Epic Games Inc. affiliated with Apple Inc. went to the end of a judge to curtail sales power on the App Store when the iPhone maker asked to leave the market of 2 million uninterrupted apps.
U.S. Regional Judge Yvonne Gonzalez Rogers heard final sentences Monday from attorneys for blockbuster game developer Fortnite and iPhone maker on a case that threatens to improve the $ 142 billion mobile phone use.
In response to a three-week trial in Oakland, California, the lawyers discussed a number of topics, including the Epic market claim that Apple uses energy and whether Apple’s strong control in its store hurts manufacturers and consumers. Gonzalez Rogers, who is building the case without a court, said he hoped to give a verdict soon but did not specify a date.
After questioning Apple Chief Executive Officer Tim Cook on Friday in his first stint as a witness, the judge on Monday questioned how Apple’s practice of getting 30% Commission from app developers through its App Store has not changed since the store opened in 2008.
“If there was real competition, the numbers would have moved and it didn’t,” said Gonzalez Rogers. “If the key market here includes competitive competition, so far it seems there is nothing forcing Apple to compete with developers.”
Apple’s attorney Daniel Swanson said Apple had changed the color of its equipment even though the size of the committee had not. Games played on Apple’s Apple system can “catch on their own” with the best games on tablets and PCs, Swanson said. “That’s the best competition ever.”
Epic sued Apple in August, after the iPhone maker removed Fortnite from its App Store because the gaming company had made it a point not to continue to pay a 30% fine on customer purchases. The case has attracted widespread interest throughout Silicon Valley, with anyone from Microsoft Corp. to Nvidia Corp. who is fighting the war. In November, Apple cut the cut rate from 30% to 15% for developers earning $ 1 million.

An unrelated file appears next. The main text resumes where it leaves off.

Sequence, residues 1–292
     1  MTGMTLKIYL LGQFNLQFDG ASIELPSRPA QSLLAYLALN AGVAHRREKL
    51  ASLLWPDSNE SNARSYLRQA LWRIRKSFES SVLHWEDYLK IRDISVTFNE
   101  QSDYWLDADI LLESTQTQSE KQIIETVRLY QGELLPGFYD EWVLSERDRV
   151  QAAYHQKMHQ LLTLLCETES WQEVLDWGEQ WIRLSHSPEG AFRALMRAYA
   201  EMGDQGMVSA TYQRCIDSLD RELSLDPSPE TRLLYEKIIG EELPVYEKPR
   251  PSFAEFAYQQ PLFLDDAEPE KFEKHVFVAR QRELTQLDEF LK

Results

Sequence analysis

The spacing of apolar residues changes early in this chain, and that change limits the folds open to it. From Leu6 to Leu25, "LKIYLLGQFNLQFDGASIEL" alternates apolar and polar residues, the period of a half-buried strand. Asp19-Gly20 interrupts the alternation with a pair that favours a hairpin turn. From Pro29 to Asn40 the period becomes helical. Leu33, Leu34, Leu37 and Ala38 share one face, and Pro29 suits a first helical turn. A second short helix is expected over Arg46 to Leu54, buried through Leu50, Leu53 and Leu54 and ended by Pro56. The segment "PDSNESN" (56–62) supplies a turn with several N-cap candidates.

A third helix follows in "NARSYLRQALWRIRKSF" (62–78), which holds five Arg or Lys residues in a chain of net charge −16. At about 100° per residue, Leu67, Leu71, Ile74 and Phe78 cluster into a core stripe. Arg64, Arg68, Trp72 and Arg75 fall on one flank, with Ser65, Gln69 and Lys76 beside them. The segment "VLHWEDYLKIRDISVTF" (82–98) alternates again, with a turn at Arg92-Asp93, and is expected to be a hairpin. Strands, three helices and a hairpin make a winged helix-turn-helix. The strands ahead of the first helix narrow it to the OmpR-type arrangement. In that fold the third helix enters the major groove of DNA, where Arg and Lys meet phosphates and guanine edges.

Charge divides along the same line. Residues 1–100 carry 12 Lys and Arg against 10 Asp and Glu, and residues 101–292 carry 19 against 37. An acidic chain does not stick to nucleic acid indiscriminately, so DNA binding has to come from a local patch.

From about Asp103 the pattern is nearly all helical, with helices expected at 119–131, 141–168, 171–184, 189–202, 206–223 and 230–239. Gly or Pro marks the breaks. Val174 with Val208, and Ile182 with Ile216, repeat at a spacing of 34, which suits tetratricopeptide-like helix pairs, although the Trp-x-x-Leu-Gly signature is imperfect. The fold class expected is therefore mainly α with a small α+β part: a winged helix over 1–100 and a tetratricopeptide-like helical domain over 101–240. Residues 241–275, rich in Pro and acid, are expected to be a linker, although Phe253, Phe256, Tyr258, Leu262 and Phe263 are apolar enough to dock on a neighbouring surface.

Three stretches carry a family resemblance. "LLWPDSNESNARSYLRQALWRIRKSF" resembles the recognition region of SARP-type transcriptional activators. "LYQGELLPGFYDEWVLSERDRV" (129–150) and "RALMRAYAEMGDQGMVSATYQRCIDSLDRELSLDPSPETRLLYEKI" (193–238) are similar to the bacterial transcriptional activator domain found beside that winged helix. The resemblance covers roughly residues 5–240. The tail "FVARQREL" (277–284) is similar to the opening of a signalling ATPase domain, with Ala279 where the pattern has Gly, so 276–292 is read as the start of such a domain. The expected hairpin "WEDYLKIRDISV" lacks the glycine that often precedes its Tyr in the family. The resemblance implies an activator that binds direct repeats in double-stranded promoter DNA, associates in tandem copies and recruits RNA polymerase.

Epic’s favorable decision would have freed Apple to sell in its store and could improve the way millions of software developers distribute apps to device users around the world. It may also attract interest from the U.S. Department of Justice and other international authorities to monitor Apple’s increased potential as a gateway to the digital economy.
Much of the time was spent by lawyers arguing over a long-running dispute: the meaning of the market in which Apple is portrayed as illegal.
Epic has said that Apple uses the mobile app sharing market for iPads and iPhones to benefit from the water from the comments to pay for content within apps. In contrast, Apple claims to be competing in the electronics market which is available on a wide range of devices including video equipment.
“There is no substitute” for access to apps, including the Fortnite app, on iOS except the App Store, said Epic’s lawyer Gary Bornstein. Getting the same app on an Android device or on the console of a video game doesn’t mean Apple’s replacement to allow other apps on iOS, he said.
Swanson also echoed Apple’s view that the market needs to be better defined and incorporate digital experience across all devices. The Fortnite manufacturer’s argument over the use of weapons with “red herring,” Swanson said.
The jury also rejected Epic’s request to convict Apple to allow other software markets near the App Store.
The problem is that it is “the only place in town for sale” and “the only place to find apps out there on the iPhone,” said Epic’s Bornstein.
Apple’s attorney Richard Doren said that if Epic succeeds, it could damage the App Store that the company has carefully built into Google’s “non-compliant” Android that is open in other retail stores.
Gonzalez Rogers also claims that Epic also filed a lawsuit against Google for its Google Play sales laws. Since Epic “accused Google of a real-life example,” telling Apple how it would allow other retailers to address the issue, he asked.
“We’re not arguing that iOS should be the same as Android,” Bornstein said. The epic suit against Google may also cover similarities but mainly follows different principles, he said.
The judge explained that he was just laughing when he told the companies on Friday that he expects a decision by Aug. 13. He explained Monday that the date is the same year since the trial began.